CLEVELAND — Facing a $1 billion shortfall in funding for new highway projects and maintenance, Ohio state leaders are considering the first hike in the state’s gas tax in more than a decade. Currently at 28 cents per gallon, Ohio’s gas tax rate is in the middle of the pack nationwide and the cheapest among all Great Lakes states.
On Wednesday, a study committee formed by Gov. Mike DeWine came to a general consensus that a gas tax hike may be necessary to offset shortfalls in funding for state road maintenance and infrastructure projects. Transportation Director Jack Marchbanks said an “impending crisis” may be near if more tax revenues aren’t collected.
In 2013, then Gov. John Kasich cobbled together a short-term fix to infrastructure funding shortfalls by borrowing $1.5 billion against future revenues from turnpike tolls. That money, however, has already been allocated or spent.
Over the years, gas tax revenues have been slowly undercut by more fuel-efficient vehicles, hybrids and rising inflation. With less money to go around, as many as 20 major road projects across the state could be put on hold, state officials said.
For many drivers in Northeast Ohio, a hike in the state’s gas tax is a hard sell.
“We don’t need any more taxes. We’re paying enough now. With a child and people who are on a regular income, we can’t afford it now,” said Carolyn Demming of Parma. “We have to use coupons and everything else to get by. That will really hurt us, especially if we’re on a limited income.”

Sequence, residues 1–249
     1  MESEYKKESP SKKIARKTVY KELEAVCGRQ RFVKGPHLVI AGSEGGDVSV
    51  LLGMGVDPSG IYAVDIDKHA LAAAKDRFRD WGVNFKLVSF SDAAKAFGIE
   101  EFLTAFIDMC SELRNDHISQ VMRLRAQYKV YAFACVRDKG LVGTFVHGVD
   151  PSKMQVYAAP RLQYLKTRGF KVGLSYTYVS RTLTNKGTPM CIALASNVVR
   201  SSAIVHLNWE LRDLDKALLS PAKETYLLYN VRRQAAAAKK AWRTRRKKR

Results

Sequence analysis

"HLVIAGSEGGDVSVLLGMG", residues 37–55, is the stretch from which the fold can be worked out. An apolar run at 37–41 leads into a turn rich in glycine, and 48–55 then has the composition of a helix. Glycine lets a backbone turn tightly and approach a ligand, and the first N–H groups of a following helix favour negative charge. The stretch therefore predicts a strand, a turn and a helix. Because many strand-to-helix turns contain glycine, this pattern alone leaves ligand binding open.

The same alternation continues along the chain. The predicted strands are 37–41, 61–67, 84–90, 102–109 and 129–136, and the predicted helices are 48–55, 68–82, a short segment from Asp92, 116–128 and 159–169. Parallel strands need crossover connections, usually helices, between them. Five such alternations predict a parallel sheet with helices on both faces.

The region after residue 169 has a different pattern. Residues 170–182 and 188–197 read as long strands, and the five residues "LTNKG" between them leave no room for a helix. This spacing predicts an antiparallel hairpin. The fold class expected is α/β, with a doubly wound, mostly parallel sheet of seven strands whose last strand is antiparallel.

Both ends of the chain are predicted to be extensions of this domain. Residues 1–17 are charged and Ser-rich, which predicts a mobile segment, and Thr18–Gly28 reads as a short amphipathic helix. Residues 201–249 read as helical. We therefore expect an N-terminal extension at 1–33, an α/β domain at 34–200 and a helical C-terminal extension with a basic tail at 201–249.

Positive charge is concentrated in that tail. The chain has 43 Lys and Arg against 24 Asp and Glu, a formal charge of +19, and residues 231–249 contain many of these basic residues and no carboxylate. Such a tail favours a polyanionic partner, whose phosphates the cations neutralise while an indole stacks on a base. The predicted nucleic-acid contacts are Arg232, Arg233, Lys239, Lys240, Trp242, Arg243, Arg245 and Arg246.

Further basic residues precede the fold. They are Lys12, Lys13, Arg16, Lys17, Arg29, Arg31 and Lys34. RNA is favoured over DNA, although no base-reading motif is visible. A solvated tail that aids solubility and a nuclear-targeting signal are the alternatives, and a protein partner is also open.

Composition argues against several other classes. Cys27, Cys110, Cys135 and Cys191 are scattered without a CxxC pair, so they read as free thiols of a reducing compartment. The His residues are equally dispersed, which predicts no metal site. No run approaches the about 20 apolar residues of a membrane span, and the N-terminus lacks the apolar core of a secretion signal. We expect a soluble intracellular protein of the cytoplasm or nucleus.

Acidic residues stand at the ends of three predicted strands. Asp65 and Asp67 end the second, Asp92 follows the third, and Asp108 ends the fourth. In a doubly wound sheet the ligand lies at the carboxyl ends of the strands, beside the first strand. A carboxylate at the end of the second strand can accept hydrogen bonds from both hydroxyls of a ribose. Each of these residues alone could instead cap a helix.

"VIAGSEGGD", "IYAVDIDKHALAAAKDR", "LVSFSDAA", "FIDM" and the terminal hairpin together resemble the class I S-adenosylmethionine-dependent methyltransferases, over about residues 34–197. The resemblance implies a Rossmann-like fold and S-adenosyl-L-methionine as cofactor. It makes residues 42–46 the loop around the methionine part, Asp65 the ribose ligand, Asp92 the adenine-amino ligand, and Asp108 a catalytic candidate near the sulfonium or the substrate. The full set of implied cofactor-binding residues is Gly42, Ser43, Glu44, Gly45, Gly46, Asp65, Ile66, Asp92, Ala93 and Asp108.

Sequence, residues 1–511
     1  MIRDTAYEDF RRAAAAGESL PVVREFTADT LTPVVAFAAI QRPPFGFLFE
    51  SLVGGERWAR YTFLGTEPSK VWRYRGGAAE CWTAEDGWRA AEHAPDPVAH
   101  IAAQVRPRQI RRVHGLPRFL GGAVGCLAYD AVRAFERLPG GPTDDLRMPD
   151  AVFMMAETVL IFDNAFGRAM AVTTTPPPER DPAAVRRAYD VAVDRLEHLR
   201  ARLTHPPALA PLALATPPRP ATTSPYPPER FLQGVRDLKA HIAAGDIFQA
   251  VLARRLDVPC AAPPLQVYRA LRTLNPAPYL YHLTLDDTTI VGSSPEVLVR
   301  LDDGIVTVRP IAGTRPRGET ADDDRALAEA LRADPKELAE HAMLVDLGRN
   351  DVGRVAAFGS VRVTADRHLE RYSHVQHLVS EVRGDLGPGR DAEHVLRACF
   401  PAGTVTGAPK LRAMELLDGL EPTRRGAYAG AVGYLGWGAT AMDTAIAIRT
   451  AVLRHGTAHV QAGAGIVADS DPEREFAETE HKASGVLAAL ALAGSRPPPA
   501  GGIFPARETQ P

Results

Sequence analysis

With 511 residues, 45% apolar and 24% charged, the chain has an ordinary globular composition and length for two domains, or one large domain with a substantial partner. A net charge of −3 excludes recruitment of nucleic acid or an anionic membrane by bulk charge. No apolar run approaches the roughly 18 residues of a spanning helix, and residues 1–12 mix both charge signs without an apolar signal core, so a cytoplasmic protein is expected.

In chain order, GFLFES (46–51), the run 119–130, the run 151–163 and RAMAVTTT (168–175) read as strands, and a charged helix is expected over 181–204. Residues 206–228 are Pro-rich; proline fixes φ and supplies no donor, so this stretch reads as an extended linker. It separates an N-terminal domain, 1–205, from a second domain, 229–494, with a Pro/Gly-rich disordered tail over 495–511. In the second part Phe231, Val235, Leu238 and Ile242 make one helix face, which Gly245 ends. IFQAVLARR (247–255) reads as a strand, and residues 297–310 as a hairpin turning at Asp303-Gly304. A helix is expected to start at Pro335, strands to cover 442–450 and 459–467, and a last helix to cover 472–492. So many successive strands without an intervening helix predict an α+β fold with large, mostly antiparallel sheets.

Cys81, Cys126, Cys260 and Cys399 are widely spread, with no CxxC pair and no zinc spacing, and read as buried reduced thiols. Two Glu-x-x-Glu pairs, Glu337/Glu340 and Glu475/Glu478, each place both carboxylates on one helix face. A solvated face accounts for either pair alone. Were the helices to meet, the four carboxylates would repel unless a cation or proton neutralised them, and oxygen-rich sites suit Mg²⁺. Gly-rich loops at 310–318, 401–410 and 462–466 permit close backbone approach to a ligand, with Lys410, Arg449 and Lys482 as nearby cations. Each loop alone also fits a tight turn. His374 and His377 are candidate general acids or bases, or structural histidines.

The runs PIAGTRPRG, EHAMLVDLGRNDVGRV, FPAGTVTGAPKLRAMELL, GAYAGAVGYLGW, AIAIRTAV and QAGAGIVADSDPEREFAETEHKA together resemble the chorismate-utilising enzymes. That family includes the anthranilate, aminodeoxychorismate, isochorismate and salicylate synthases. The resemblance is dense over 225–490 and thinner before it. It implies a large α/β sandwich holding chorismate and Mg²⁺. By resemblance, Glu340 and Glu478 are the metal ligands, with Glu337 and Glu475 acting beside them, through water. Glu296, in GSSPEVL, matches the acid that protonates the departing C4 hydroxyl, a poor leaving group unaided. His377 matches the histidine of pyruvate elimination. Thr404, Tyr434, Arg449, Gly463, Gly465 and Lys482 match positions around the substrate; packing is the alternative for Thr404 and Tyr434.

According to the American Petroleum Institute, Ohio ranks 29th in terms of gas tax rates as of July 2018. Even if Ohio were to double its gas tax rate to 56 cents per gallon, the state would still have a lower gas tax rate than neighboring Pennsylvania, which has the highest rate in the United States at 58.7 cents per gallon.
Marchbanks told committee members that if Ohio does not generate more revenue for road projects, drivers across the state can expect to experience more congestion and rougher roads. Currently, the state spends 90 percent of its gas tax revenues on maintenance, Marchbanks said.
Drivers like Ira Bellamy believe the state could find other ways to save money instead of burdening the taxpayers even more, he said.
“I think it’s a terrible idea. We’re already paying too much. We’re being taxed already way too much,” Bellamy said. “I’m totally against it.”
For the average driver who logs 13,000 miles per year with a vehicle that gets 20 miles per gallon that driver pays, on average, $182 per year in gas taxes. If, for example, the gas tax is raised to 40 cents per gallon that same driver would pay $260 per year in gas taxes.
State officials said that raising the gas tax by a single penny would generate more than $60 million in revenue annually. However, drivers told News 5 that if the gas tax were to be increased, their spending on other items would decrease, potentially generating less sales tax revenue.
“I’m retired. There are a lot of people who can’t afford to keep paying and paying [more taxes]. Heck, I don’t even have medical (insurance) right now. It’s just getting outrageous,” Bellamy said.
Compounding the potential increase in the gas tax is increasing property tax rates and school levies, Demming said.
“School taxes are going up. Our taxes went up this year on the house,” Demming said. “They are taxing us to death.”